Log in

Previous Entry | Next Entry

So, I've gotten into a new show and fandom called "Tales of Miraculous Ladybug and Chat Noir". It's really fun and cute. It's a 3D animation show created in France that has been dubbed in Korean and only recently in English. It's a lot like "Sailor Moon," because the main characters are a teenage girl and teenage boy who undergo magical transformations to become superheroes and defeat the monster of the week. They're also involved in a love square that's not really one, because the heroine, Marinette Dupain-Cheng (a.k.a. Ladybug), is in love with the hero, Adrien Agreste, and doesn't know that he's her partner, Chat Noir, while Chat Noir/Adrien is in love with Ladybug and doesn't know that she's his classmate, Marinette. The fight scenes are great, the characters are likable and charming, and the romantic tension between Marinette/Ladybug and Adrien/Chat Noir is sweet and flirty.

There was just something that I noticed when it came to Chat Noir/Adrien. In some ways, he's a male version of Catwoman. Oh, sure, Chat Noir isn't a criminal in any sense of the word. He's not a thief, he's fully a superhero. But his attitude around Ladybug and the duality of his alter ego reminds me of Catwoman for a couple of reasons.

As Chat Noir, Adrien is extremely flirtatious towards Ladybug and has an exaggerated sense of confidence. He makes awful puns which Ladybug frequently answers by rolling her eyes and he's often cocky when dealing with their foes. But as Adrien, he's introverted, quiet, and shy, which is mostly due to his distant and stern father and his father's stone-faced assistant, Nathalie.

This duality of cocky superhero/shy average Joe is nothing new. Clark Kent, Peter Parker, and a bunch of other superheroes fit this trope. The difference is that neither Superman or Spiderman tends to be overly flirtatious. The power fantasy there is of being so strong and powerful that women will automatically flock to you. Spiderman cracks jokes, but he doesn't overtly flirt with Mary Jane. Likewise, Superman offers to protect Lois Lane, but he doesn't swagger over to her with a lustful gleam in his eye.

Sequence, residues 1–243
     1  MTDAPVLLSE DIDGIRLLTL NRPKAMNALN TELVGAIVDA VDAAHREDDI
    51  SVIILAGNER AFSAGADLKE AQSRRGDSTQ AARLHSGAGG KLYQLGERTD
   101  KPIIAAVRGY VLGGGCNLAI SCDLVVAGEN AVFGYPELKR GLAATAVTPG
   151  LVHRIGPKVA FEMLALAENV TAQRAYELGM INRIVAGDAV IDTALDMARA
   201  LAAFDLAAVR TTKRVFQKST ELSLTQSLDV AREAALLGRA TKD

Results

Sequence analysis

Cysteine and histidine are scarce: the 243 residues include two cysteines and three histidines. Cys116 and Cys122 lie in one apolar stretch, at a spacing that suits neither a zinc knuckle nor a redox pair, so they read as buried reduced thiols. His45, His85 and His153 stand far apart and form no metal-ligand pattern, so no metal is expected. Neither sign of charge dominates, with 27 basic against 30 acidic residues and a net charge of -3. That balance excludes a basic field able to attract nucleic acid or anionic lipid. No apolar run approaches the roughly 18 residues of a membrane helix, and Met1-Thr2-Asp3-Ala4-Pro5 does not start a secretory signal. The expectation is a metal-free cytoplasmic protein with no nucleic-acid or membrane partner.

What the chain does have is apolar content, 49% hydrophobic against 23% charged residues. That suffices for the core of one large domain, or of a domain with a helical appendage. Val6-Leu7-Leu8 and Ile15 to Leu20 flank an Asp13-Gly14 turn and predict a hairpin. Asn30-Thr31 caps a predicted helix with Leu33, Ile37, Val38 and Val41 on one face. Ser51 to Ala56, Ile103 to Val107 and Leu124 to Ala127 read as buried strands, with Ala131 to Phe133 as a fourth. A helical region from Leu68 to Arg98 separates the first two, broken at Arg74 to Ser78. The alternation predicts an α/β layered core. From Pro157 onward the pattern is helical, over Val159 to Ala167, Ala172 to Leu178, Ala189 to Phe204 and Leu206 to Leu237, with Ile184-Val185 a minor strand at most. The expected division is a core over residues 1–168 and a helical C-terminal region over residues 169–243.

A possible reason for that is the idea for both superheroes is that the superhero identity is only a front and that the real person is the average Joe. Peter lets off steam as Spiderman, but behind the mask, he's a dorky photographer who's trying to pay rent. Superman has all of these incredible powers, but his real self is Clark Kent, the mild-mannered reporter, and thus he wants Lois to fall in love with Clark, not Superman.

But for Adrien, it's different. This may just be an interpretation, but the general consensus among fans is that Chat Noir is his genuine self. It's only when he's Chat Noir that he feels free to openly flirt with the girl of his dreams, confidently take down villains, and let himself relax. As Adrien, he is shy and awkward; as Chat Noir, he is confident and expressive.

Now there is a popular superhero whose superhero identity is believed to be the genuine person while the civilian identity is a facade: Batman. But Batman is of a very different personality than Chat Noir and furthermore, the two are opposites. Bruce Wayne flirts with women only as his billionaire persona. As Batman, he's guarded and withdrawn.

Which finally brings me back to Catwoman. In the comics, her costumed identity and civilian identity tend to be the same. But in two interpretations, Tim Burton's Batman Returns and the infamous Catwoman film that starred Halle Berry, the double-personality trope was used. Selina Kyle and Patience Price both begin their films as timid and shy women. It is only when they become Catwoman that they become confident and aggressive. And, unlike Peter Parker, Bruce Wayne, and Clark Kent, their costumed identity enables them to break free of their repression and take control of their sexuality.

Now "Tales of Miraculous Ladybug and Chat Noir" is a show for kids, so obviously Adrien is not supposed to be sexually repressed. But, as many fans have pointed out, his costume can be just as easily sexualized as Ladybug's could, if not more so, because he wears a tight black leather suit. Moreover, like Catwoman, he is flirtatious with Ladybug in a way that he never is as Adrien Agreste which, if this were a show for adults, would suggest that becoming Chat Noir enabled him to break free of sexual repression. Which is a trope that, as far as I can see, seems to be more common with female characters, especially female villains. And the way that Chat Noir flirts with Ladybug also reflects this. He doesn't just tease her with jokes and one-liners; he actively tries to kiss her on more than one occasion. He doesn't try to impress her with feats of power and strength, although he is capable of them; he gets up in her face and addresses her with pet names much the same way that Catwoman gets up in Batman's business.

So, yeah, I don't know. I just thought that was interesting.